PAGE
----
Rashi’s kindergarten through eighth grade students are academically motivated and committed to improving their world. They are capable, confident, self-aware learners who take on leadership roles in educational settings and social justice opportunities in their communities. At The Rashi School, we're always inspiring more.
Now, at The Rashi School, she tells the story of her experience whenever she gets the chance. When inquisitive students visit her office, she’ll tell them of the people she met and the work she did. When the school’s annual philanthropic fundraiser, Tamchui, was looking for organizations to highlight, she nominated Klinik Jubilee—and the students raised $3,242 for the facility.
Help is available for people struggling with organizing their first-ever virtual seder, said JulieSue Goldwasser of Needham, who is putting together a Zoom celebration with the parent-teacher organization at the Rashi School, a Reform Jewish independent school in Dedham. They’re expecting about 50 families, 20 of whom will have speaking roles. They have a song leader and a Rashi seventh-grader who has agreed to screen-share his virtual Haggadah, the Passover text. Anyone, even people without a connection to the school, is welcome to join in the celebration.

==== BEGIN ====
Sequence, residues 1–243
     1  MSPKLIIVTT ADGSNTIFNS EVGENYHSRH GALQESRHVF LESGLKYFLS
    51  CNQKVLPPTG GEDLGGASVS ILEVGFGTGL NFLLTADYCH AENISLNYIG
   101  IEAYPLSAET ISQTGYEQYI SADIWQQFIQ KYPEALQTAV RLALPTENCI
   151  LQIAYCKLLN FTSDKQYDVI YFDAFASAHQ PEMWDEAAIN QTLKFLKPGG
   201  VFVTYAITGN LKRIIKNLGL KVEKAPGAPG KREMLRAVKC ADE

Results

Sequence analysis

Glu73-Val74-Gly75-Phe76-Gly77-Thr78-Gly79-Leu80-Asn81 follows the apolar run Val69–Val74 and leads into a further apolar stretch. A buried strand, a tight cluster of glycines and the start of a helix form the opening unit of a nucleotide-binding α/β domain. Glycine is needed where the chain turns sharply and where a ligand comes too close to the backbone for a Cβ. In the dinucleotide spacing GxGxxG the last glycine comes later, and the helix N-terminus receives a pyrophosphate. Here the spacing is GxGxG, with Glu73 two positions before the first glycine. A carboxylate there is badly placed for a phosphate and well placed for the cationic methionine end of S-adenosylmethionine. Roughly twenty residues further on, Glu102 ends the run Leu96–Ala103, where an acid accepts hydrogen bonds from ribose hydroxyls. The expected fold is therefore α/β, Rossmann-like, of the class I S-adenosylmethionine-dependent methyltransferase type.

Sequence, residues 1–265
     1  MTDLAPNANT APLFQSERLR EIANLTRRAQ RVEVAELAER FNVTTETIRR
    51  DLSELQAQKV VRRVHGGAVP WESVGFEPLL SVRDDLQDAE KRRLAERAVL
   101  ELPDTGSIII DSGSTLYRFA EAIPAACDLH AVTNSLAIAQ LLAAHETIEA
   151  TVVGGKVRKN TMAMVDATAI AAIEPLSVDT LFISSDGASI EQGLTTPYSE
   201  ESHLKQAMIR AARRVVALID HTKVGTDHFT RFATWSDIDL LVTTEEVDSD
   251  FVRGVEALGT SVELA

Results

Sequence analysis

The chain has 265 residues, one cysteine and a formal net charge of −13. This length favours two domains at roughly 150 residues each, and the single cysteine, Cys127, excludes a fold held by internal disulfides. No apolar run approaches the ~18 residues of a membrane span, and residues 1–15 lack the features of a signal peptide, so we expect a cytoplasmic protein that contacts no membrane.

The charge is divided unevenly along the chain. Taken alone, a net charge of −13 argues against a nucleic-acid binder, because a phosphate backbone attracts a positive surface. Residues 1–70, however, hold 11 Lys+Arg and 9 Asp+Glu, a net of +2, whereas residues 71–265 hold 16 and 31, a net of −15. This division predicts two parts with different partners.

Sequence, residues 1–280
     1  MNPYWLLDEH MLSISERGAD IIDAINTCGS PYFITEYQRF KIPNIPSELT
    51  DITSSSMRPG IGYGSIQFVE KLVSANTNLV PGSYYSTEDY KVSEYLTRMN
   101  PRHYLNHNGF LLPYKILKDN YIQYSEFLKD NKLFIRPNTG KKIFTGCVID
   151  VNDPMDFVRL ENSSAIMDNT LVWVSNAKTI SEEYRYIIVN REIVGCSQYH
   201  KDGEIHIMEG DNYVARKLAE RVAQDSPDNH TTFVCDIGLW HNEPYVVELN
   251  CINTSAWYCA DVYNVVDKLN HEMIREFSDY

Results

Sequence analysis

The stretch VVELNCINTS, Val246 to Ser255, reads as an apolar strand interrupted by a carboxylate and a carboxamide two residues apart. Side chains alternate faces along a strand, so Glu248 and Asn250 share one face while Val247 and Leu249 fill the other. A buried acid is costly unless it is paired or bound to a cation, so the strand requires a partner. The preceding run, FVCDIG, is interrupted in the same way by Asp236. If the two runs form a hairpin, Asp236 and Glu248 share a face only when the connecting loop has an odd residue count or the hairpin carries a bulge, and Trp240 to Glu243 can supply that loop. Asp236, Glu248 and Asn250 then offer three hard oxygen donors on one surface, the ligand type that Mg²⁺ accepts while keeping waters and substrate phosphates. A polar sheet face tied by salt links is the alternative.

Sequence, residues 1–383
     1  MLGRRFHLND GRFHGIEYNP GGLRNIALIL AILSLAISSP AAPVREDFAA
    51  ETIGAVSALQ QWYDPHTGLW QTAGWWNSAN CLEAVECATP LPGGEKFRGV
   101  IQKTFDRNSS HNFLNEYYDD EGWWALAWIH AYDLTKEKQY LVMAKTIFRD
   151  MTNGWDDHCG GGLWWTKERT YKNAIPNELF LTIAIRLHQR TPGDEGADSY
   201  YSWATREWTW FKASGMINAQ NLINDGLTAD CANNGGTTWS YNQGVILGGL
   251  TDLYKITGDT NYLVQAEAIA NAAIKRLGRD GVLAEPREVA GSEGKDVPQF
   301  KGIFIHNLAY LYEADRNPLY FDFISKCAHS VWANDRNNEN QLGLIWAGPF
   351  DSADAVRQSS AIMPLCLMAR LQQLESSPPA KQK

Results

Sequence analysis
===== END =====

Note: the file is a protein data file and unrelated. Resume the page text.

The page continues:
While classrooms and whiteboards may have changed to laptops and living rooms, some parts of Rashi will never change. We continue to maintain a learning community that models our shared core values and ensures that everyone feels connected and cared for.
Global warming is real and the climate is changing—and in Churchill, Manitoba, on the Hudson Bay in Canada, research scientists and citizen scientists come together to understand. They are here to collect data. Deborah Berlin ’11 is one such citizen. Berlin teaches sixth grade science in Dedham, MA, at a Reform Jewish independent school with climate change built into the curriculum.